Don’t stop dreaming. Don’t’ be hard on yourself or quick to be discouraged. It’s okay to make mistakes and let TIME run its course. I strongly believe that if it’s meant to be it’ll be no matter what happens or how long it takes. Being patience has its rewards. Along with faith in the good Lord above.

How many people would you ideally like to reach with your books?

Ideally, the state of Louisiana, but if the story could reach others wherever they may be. I’m okay with that. I’m surprised to get this interview in my email from all the way in Delaware. Something must be happening so thank you for reaching out.

What has been the biggest challenge and frustration during the process to date?

The biggest challenge and frustration is funding the publishing of the book. Local Publishing has its own rewards, but it’s not something tons of people at my age do. I took a leap of faith and am continuing to leap, but there are some drawbacks and pauses that go along with Local Publishing. I don’t regret going in this direction because I have learned much about publishing and about myself. It’s a continuing life journey.

What’s your biggest strengths when it comes to book a) writing, b) publishing and c) marketing?

My biggest strengths is writing. I’ve learned to let the words bleed on the paper. I’ve allowed myself to be vulnerable and let my emotions spill out into the story. Writing is very therapeutic to me and a way to get my scrabbled thoughts in order.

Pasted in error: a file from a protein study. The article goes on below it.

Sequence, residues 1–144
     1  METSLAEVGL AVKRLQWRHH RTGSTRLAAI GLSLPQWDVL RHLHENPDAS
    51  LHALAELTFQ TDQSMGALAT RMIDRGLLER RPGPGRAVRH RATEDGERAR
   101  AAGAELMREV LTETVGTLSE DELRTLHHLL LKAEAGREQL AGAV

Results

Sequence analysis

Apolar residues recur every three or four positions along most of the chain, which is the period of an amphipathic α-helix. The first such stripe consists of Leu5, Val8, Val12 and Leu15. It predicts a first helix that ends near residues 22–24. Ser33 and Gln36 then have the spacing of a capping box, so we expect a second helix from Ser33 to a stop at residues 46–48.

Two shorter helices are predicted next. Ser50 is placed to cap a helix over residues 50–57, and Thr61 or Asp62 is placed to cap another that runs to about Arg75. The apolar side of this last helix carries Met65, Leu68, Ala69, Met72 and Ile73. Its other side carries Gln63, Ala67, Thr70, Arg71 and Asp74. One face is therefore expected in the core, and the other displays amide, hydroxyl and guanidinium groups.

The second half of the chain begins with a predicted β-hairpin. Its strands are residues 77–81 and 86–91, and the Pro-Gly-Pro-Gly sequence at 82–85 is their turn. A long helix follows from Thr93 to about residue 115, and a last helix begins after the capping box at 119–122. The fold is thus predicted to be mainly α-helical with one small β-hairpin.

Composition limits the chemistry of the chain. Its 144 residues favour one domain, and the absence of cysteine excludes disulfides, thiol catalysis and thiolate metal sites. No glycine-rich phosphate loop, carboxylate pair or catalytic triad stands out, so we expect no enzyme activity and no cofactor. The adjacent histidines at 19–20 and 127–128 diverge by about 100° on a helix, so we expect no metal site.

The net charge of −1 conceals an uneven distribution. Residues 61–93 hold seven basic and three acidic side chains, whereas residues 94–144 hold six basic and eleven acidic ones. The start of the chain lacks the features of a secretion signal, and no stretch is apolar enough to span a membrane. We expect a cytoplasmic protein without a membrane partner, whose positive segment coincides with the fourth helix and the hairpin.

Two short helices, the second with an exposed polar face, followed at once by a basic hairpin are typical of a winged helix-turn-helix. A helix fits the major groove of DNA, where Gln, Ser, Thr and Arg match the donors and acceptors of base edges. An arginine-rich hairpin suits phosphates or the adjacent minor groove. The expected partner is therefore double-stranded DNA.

What’s your biggest weakness when it comes to book a) writing, b) publishing and c) marketing?

My biggest weakness is marketing. I’m still very new at selling myself. I’m a naturally shy person so to just be out there selling me is like standing on a stage in a Broadway play. Being center stage is frightening to me while I prefer to be three persons down to the left backstage.

When do you think you will write your next book?

I’m currently working on book 2. My goal, this time around, was to write 100,000 words and I have succeeded that goal. I have the manuscript and have it edited by friends but not professionally, yet. Like the first go around, I know it’ll be a process but hopefully, before 2020 ends this story will be out. That is a goal of mine.

Are you self published or did you use a hybrid publisher, or a traditional publisher?

I’m published locally and they are amazing. I have never felt so at ease or judged by my stories. They are so supportive and my personal cheerleaders. Shout out the ALLY-GATOR BOOKBITES from Lake Charles! I wouldn’t trade their friendship for the world.

Thank you for these amazing questions. I had a great time. Thank you for this opportunity to tell my small story. Thank you again.


Interview with Sue Ellen Kolman

Believe in yourself and know that you are enough.

Keep Reading »
Interview with Jan mccanless


Keep Reading »
Interview with Laura Katen

Communication is the foundation of productivity...

Keep Reading »
Interview with Christopher Guarino

It is difficult to get it to be "perfect" in your eyes when writing read more

Keep Reading »